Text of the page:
Thursday, July 29, 2010

Birthday bonanza in the back yard

I think the at-home birthday dinner, done right, can blow any restaurant experience out of the water. That said, here’s what Chris and I feasted upon the other night on the back patio to celebrate his big day.

First course
Prosciutto e Melone with goat cheese.

The steak
I picked up prime fillet and dry aged rib eye from Roseville Meat Company. Just a little bit of pre-grill salt and olive oil made both of these cuts shine.

The sides
Sautéed mushrooms and oven-roasted Yukon Gold potatoes (tossed with olive oil, salt and rosemary from the back yard).

The wine
Luna Vineyards 2005 Cabernet Sauvignon with dinner, and 1997 Van Der Heyden Napa Valley Late Harvest Cabernet Sauvignon after dinner.

Double-chocolate and strawberry cupcakes from Icing on the Cupcake in Rocklin. Find the delicious photo here.

Wednesday, July 28, 2010

Enjoying a State Fair classic

Some people are big on trying the newest deep-fried gross-out foods at the California State Fair.

Me? It’s the one time a year I’ll eat a corn dog. Even better with some ice-cold lemonade.

My nephew Waylon, age 2, also gives the corn dog his stamp of approval.

Thursday, July 22, 2010

A trio of must-try locations

Craving classy pub grub?
Give Magnolia Gastropub & Brewery a try the next time you’re in San Francisco. I’m always excited by any place that makes their own sausage, and the night we stopped in there were a handful of different links on the menu (I enjoyed the chicken sausage, served with crispy potatoes), in addition to all kinds of other tempting entrée options. The seven-barrel brewery is located below the pub—their beers have names like Cole Porter and Wit Rabbit.

Headed to California’s Central Coast?
We were in Cambria recently for a friend’s wedding, and decided to delay the 300-mile drive back home by hitting up some Paso Robles wineries. Favorites included Zenaida Cellars, which makes a lot of killer reds, and Niner Wine Estates, which happened to celebrate their grand opening the Sunday we stopped in by pairing wines with some tasty snacks prepared by Trumpet Vine Catering (that’s a crab and mango spring roll paired with Niner’s 2007 Sauvignon Blanc, below). Learn more about Paso Robles wineries here.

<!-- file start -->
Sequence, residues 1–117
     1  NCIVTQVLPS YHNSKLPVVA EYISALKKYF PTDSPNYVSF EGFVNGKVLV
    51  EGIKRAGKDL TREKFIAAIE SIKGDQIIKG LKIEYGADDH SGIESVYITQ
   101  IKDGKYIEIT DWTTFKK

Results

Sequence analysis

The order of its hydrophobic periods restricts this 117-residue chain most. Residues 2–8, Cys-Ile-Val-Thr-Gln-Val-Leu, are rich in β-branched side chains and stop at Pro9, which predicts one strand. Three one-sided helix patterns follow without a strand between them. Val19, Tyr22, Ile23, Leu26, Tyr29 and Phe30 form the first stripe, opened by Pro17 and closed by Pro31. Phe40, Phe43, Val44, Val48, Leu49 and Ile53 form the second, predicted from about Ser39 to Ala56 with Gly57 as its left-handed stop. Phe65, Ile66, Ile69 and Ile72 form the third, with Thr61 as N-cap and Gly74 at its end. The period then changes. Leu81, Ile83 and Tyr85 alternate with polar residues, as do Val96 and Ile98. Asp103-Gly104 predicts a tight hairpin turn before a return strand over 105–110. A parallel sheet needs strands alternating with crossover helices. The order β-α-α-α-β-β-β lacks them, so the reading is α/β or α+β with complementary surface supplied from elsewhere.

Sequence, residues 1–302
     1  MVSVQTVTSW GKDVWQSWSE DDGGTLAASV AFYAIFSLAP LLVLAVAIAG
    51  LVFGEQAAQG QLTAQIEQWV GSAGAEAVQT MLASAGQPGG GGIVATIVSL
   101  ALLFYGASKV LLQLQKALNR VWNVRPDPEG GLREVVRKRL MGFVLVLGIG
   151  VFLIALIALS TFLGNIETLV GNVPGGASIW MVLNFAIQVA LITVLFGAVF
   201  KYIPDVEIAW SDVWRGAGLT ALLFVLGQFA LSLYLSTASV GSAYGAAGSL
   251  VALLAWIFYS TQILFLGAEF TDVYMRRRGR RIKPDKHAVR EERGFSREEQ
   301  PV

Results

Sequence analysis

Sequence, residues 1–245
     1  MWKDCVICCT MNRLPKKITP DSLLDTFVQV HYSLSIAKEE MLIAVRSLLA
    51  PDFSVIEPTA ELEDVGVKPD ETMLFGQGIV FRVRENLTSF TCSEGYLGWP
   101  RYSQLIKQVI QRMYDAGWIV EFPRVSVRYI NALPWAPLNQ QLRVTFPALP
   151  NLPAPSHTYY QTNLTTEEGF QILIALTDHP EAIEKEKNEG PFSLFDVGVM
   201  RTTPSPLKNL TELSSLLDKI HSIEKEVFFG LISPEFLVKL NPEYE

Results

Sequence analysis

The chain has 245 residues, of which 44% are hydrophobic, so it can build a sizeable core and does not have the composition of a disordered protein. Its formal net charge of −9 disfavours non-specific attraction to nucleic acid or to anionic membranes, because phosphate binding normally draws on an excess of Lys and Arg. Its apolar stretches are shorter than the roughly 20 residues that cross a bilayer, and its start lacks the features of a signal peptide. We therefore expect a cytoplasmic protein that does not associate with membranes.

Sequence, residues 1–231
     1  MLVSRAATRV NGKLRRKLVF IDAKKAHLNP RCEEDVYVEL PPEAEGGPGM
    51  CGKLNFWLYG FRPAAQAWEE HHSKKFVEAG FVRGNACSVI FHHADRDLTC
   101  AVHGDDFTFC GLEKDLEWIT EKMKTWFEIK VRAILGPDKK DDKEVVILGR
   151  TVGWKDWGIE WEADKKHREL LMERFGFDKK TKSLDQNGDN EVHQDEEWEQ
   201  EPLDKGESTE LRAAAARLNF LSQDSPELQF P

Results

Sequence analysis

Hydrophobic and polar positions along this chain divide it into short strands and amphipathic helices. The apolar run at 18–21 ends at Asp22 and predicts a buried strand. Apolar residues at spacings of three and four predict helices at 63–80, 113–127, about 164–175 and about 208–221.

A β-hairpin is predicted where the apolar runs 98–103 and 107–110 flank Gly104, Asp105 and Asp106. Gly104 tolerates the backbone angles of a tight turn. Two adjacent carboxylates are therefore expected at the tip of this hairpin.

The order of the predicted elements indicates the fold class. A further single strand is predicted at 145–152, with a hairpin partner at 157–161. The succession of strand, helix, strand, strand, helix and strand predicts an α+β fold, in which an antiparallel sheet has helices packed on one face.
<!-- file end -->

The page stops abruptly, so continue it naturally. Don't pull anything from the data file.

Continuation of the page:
Looking for a great brunch in Sacramento?
The next time you roll out of bed with a roaring stomach, head over to Orphan, located on 3440 C St. just a few blocks from McKinley Park. Their food is fresh, simple and fantastic, and their coffee is also amazing. On a recent visit I inhaled corn tamales covered in tomatillo sauce served with eggs (over medium, please), black beans, cilantro, tomatoes and cheese.

Chris thoroughly enjoyed his coconut French toast, which was one of the specials that day. While I’ve only tried Orphan once, their sister spot in Chico, Sin of Cortez, was one of my college dining splurges.

Monday, July 12, 2010

Presto Pasta Salad!

The meals I’ve had the last couple days haven’t really been leftovers material, so I put together a big, colorful pasta salad tonight. Now we’ll have something fresh and easy to pack into lunches this week.